15. QotW: I would love to experience Resident Evil 1 for the first time again. The first cinematics showing you as a member of the S.T.A.R.S. team hoping to find your missing comrades. Being pushed into a foreboding mansion as I seek shelter from a pack of ravenous dogs. Slowly exploring the estate, finding bits and pieces of info that evolve into the unnerving realization that this was all planned. The first in the series took you from a decrepit old building to underground state of the art laboratories. Every sequel that followed, no matter how good, would never take you on the ups and downs of discovery as the first, because after the first you always know how depraved Umbrella could be.

  16. It would easily be No More Heroes. I discovered the distinct brand of stylized madness unique to Suda 51 and grasshopper through killer 7 on the gamecube. I was begging for more after my second playthrough when I eventually saw the first trailer for No More Heroes (just called “Heroes” at the time).

    I was so psyched for it that I reserved and paid in full for a copy of the game even though I didn’t own a Wii. I started saving up for it and about $80 and a few paychecks in life (bills) kicked me square in the nuts so hard that I fainted, went into shock, and duked in my pants. It would be at least 2 years before I finally got to play it on the Wii, before which I watched a cutscene collection and likely a long play of the game.

    I’d thoroughly enjoy a purer experience with the game like I had with killer 7, no more heroes 2, flower, sun, rain , etc.

  17. Wow, this question of the week is really tough. If I deliberately pick a video game I really love (Pokemon Gold), it would wipe the slate clean of every video game I played that came after it and I would have to rebuild my experiences. I do feel Aziz’s choice of Persona 3 as it was the game that rebirthed my interest in JRPGs as I refused to play single player games for several years from high school to college, as I felt that it wasn’t fun without my friends. So my punk ass 19 year old self decided to try the demonic Persona series, and I was enthralled by the journey of MC and his demon hunting allies at SEES, as they climbed up the Long Ladder, even as death was inevitable for player character. This time management game made the f- sure you LIVED in that school year. If I were to replay this game again, I’d probably be like Eleanor from the Good Place, going through the same doldrums as before but each reset time would be different because the previous forgotten time must have left a faint fleeting imprint within the chemicals in my brain…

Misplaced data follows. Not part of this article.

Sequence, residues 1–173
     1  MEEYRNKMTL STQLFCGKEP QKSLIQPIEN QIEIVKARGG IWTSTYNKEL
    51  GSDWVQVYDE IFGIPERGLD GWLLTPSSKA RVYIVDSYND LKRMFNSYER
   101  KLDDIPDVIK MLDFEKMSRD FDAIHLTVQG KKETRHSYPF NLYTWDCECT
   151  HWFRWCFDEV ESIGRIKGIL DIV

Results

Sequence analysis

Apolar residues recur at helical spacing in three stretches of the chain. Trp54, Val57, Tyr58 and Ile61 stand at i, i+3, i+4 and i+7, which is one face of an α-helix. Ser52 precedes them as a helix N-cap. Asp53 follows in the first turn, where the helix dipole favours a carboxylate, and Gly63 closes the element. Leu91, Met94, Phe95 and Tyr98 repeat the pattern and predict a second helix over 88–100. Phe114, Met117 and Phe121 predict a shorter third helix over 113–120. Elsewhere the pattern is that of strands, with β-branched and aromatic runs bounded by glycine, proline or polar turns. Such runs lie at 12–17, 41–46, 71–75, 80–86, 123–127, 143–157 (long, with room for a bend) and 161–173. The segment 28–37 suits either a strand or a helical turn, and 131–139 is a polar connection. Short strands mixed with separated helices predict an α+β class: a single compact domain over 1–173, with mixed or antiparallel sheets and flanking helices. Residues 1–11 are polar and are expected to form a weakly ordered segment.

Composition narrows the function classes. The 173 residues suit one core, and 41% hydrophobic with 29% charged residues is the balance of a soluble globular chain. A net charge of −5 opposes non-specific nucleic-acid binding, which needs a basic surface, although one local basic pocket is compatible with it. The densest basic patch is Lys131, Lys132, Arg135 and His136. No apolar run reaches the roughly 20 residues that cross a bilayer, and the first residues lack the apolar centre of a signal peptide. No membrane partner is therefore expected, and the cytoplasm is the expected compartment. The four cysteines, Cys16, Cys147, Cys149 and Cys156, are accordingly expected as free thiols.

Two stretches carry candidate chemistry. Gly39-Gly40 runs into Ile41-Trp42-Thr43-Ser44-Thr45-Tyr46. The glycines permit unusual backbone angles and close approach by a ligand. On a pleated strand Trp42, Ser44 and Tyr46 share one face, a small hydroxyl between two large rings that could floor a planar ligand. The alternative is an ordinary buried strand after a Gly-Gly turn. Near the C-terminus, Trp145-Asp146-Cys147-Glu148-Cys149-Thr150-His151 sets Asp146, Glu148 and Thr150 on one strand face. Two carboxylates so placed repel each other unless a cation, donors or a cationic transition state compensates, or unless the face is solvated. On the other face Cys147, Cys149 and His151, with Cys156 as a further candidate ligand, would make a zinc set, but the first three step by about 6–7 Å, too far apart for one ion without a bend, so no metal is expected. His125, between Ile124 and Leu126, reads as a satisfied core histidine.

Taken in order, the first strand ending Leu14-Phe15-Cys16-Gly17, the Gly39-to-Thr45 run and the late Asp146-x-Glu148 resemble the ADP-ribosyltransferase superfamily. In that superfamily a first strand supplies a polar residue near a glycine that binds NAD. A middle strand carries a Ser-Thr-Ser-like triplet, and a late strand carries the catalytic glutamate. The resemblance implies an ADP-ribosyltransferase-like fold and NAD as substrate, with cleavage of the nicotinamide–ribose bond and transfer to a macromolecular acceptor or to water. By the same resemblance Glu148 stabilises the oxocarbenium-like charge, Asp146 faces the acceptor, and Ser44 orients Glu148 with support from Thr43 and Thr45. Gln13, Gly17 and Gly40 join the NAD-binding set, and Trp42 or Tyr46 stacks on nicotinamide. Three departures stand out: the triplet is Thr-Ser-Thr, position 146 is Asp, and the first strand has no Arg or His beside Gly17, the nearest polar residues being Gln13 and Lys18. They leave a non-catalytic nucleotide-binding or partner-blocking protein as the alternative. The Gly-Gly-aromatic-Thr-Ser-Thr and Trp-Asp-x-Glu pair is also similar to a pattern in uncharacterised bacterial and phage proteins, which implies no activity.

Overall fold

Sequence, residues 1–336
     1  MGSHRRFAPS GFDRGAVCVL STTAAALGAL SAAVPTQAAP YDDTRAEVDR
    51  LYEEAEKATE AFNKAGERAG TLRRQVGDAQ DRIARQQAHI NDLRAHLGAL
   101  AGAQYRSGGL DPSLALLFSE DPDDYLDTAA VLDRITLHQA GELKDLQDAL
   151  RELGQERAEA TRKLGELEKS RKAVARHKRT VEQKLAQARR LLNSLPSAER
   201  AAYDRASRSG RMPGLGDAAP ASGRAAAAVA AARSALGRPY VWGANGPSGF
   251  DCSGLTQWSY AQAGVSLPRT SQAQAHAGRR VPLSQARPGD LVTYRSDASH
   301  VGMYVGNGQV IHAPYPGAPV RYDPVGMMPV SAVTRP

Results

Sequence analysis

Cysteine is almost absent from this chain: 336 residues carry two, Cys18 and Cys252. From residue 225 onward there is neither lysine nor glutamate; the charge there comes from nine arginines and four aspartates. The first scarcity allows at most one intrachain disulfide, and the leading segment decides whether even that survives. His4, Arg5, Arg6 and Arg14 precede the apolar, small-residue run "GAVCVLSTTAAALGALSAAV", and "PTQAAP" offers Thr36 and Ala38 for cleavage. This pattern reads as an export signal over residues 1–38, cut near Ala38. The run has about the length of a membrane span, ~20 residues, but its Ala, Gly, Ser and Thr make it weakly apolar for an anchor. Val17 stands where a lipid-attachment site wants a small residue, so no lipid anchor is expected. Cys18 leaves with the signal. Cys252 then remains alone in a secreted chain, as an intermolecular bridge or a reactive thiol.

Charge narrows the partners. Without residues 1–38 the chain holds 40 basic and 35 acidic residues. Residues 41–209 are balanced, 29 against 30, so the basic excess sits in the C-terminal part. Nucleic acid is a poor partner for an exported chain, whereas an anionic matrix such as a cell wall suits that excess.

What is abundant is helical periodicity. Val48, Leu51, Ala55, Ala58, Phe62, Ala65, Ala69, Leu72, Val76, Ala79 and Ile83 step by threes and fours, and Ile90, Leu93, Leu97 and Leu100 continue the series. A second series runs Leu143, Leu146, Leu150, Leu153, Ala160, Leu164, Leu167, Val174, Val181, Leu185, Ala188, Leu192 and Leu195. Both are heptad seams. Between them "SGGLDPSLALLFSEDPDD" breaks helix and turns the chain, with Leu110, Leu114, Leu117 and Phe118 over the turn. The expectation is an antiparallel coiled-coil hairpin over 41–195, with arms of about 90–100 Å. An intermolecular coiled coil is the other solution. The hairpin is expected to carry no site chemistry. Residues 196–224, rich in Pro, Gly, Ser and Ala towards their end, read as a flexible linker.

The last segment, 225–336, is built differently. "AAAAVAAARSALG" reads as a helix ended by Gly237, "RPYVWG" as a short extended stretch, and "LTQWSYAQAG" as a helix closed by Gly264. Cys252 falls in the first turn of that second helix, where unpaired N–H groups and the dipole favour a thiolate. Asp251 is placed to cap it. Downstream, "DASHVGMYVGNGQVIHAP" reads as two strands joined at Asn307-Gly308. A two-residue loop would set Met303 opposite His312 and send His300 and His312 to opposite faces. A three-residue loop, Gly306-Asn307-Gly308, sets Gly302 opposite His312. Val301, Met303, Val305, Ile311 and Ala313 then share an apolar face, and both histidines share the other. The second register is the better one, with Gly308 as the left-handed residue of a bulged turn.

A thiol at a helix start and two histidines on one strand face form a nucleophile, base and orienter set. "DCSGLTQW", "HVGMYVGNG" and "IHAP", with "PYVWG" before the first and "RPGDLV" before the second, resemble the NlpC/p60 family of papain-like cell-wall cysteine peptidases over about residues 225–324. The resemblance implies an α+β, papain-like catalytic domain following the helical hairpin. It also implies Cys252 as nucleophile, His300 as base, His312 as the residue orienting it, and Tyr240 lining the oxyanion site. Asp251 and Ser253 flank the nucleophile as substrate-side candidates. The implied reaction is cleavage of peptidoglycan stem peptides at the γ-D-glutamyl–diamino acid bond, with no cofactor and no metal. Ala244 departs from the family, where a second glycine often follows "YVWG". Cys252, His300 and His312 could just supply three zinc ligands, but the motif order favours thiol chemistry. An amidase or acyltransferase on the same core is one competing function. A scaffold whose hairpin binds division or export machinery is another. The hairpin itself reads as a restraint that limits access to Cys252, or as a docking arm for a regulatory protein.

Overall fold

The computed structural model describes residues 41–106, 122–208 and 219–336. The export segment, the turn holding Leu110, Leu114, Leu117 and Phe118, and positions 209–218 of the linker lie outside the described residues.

So anyway… If I chose to reset an experience I would pick Dragon Quest V on the DS. I consider it to be the best of the series, balancing the series A to Z goal oriented gameplay with a very touching story that dragged me back to being a romantic. You play a prince of a long lost kingdom, watch your father die, survive slavery, and claw your way back to becoming a mighty warrior, and then give it all up to make sure your children become the legendary hero. Every time I think about the game, it reminds me of the sacrifices my parents made to get to this country, and how much they lost by leaving their own homes. It also makes me think about my own future and if I could ever do the same for my own offspring (if I ever have them). I would reset this experience in order to make me feel thankful for what I have.

  18. i really like the new format! it makes the show feel more current in some small way. It was the best part of an otherwise stressful episode.
    I wish i could forget my original romp in Breath of the wild, so that i could unpeel the banana that is that game for the first time again. I choose BOTW over witcher 3 or skyrim because i feel less gated by artifcial story muckamuck
    I want to experience a different way of playing from the start, like instead of pulling the peel down from the stem of a banana, i would pinch the bottom like an ape. there are so many ways to experience this strange banana we call life, and Banana of the wild along with the Witcher 3 and Morrowind are my favorite banana-opening simulators that deeply captivated and made a monkey out of me!

  19. Think of any game. Was it on Vita? If so, then yeah, that one. I’d forget all about and start over every game I’ve ever played on Vita. But not for the reason you’re thinking.
    See, I have a problem. Or rather 2 of them. One is 8 and the other is 7, however at the time they were 6 and 5 years old, and they both loved playing games on my Vita. Every game I have ever played (Guacamelee, Gravity Rush, Mega Man X, Escape Plan, Goddamned TERRARIA, etc) on that little console, my kids would want to play as well while I was at work, and without fail they would restart the game and/or save over my file when I was 75%-90% through the game. So if I wanted to see the end, or any further of the game in general, I’d have to start the game over and get back to where I was, with no guarantee that it wouldn’t happen again. And there was just no way in hell I was doing that. My game time is severely limited as is, I don’t have time to beat many games ONCE, let alone going through them TWICE.